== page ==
Our opinion why government implements the self-assessment system.

In our opinion, the traditional approach to processing income tax returns where the IBR officer will inspect each and every return to check for technical and arithmetical accuracy was ineffective and inefficient method of ensuring compliance with tax law (Singh and Renuka, 2002). Hence, in the year of 2011, the self-assessment system was implemented in Malaysia.

One of the reasons the government implement the self-assessment system is to modernize and streamline the tax administration. This is because the previous system is seen as too old fashion and complicated as too many procedures and steps are needed to scrutinize each and every income tax payable form. Through this system, the complicated processes leading to the payment of tax after the submission of returns are significantly reduced and a more efficient system and faster collection of taxes could be implemented and facilitate the collections of the taxes and the assessment process could be sped up.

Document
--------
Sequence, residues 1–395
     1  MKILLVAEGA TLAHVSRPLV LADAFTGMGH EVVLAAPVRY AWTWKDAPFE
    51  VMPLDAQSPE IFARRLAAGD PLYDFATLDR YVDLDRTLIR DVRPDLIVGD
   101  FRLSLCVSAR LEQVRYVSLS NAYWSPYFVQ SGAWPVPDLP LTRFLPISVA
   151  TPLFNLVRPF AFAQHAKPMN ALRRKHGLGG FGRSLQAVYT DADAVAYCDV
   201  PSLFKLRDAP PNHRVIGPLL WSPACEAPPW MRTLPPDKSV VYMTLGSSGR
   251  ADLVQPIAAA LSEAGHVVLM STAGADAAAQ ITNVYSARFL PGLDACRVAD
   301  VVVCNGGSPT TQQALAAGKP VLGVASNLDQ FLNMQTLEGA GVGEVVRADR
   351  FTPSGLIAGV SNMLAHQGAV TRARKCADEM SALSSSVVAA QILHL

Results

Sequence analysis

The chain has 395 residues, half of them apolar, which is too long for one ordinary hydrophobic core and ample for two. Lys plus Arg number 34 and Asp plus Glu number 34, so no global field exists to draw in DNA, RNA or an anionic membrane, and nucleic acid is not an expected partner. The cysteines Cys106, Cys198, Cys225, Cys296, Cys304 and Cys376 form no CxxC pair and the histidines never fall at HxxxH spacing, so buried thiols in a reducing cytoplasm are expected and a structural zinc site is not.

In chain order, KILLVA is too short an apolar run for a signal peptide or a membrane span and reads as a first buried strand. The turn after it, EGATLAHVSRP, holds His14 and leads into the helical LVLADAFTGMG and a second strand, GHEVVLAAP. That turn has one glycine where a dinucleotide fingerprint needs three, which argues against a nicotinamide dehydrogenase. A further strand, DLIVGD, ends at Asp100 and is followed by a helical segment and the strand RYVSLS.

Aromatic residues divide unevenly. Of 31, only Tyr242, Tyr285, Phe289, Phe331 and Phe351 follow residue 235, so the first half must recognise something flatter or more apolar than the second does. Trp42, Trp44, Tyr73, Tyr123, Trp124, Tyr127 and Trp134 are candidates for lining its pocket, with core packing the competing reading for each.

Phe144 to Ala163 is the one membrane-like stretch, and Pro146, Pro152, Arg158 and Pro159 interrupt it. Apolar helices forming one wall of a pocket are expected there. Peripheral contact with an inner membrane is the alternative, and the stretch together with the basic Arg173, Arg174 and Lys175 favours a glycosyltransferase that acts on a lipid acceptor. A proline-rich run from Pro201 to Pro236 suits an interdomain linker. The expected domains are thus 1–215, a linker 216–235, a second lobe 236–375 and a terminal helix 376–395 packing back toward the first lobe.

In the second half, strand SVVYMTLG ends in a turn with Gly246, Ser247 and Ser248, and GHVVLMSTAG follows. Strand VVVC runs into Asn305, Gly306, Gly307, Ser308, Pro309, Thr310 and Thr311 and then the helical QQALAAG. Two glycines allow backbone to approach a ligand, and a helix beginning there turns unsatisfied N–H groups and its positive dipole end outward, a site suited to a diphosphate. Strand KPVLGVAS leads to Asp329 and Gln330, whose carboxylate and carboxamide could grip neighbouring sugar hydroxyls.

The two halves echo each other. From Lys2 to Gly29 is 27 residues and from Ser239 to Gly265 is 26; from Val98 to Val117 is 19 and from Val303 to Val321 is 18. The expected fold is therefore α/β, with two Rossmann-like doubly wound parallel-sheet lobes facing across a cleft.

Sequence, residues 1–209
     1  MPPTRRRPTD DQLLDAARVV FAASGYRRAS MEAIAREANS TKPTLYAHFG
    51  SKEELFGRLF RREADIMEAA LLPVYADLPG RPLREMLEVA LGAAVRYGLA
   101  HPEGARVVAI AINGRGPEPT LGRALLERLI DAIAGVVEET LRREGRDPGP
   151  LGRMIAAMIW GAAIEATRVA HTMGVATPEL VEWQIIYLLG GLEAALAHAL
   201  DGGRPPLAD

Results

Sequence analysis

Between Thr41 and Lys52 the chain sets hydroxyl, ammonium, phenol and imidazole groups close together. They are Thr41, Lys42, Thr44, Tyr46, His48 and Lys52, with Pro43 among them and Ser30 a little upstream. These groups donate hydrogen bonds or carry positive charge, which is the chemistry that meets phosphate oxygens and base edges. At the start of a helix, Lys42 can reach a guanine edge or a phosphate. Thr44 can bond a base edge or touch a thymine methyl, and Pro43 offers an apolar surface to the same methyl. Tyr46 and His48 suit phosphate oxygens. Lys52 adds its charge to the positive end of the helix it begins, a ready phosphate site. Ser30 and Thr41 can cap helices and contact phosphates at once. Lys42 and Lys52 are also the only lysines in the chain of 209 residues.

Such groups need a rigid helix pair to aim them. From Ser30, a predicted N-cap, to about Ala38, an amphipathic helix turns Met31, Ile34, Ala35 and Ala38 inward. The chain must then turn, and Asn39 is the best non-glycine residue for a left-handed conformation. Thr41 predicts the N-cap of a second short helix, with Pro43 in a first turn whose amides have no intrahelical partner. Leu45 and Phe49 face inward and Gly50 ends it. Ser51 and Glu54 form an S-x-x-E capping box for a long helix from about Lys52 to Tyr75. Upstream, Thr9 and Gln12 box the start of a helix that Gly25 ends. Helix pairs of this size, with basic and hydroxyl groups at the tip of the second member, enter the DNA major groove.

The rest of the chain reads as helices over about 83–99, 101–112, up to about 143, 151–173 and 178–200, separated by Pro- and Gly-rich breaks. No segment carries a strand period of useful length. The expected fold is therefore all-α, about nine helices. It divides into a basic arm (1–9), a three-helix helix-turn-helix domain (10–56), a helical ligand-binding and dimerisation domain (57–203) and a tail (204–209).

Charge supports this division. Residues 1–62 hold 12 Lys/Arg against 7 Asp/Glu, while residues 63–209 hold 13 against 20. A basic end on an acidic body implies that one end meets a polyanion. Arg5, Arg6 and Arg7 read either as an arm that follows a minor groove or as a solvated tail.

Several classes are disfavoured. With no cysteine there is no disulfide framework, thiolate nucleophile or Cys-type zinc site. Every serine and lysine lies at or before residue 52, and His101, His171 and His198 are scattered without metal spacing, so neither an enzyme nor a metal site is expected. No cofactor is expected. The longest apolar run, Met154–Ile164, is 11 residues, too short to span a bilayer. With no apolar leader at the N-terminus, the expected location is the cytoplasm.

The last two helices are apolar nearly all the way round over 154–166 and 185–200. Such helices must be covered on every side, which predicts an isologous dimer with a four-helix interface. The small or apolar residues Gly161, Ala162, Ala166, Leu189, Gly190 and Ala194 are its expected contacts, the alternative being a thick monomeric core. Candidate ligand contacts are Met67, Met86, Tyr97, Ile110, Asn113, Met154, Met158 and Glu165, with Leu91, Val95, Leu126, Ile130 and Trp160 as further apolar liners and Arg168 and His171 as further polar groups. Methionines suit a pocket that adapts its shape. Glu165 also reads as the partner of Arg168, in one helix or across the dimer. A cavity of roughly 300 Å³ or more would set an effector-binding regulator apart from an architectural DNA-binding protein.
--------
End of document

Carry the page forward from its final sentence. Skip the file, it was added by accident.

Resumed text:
Besides that, the SAS requires the taxpayer to personally calculate their personal income tax. Hence, the taxpayer is directly involved in the tax computation which will lead to better financial planning. Following that, the taxpayers will be able to acquire a further understanding and appreciation of tax computations as a basic knowledge of taxation is required of them.

As the self-assessment System requires the taxpayers to compute their tax liabilities and submit their tax returns based on existing tax legislations, it is presumed that taxpayers possess the necessary knowledge and skills to comply with the tax laws. Hence, the quality control of taxpayers’ tax affairs will significantly improve as they ensure that their assessments are up to date as well as reflect the true tax position. Therefore, the awareness of the taxpayer towards their tax payable would also be significantly increased and the SAS could increase the level of income tax compliance.

Lastly, the costs of compliance in respect of submission of income tax returns will be significantly reduced. This is because the responsibility of the computation of tax falls in the hands of the taxpayer themselves, hence IRB is able to reduce the cost such as the administration and complicated procedures costs, and the reduction of the workforce required to assess the tax assessment.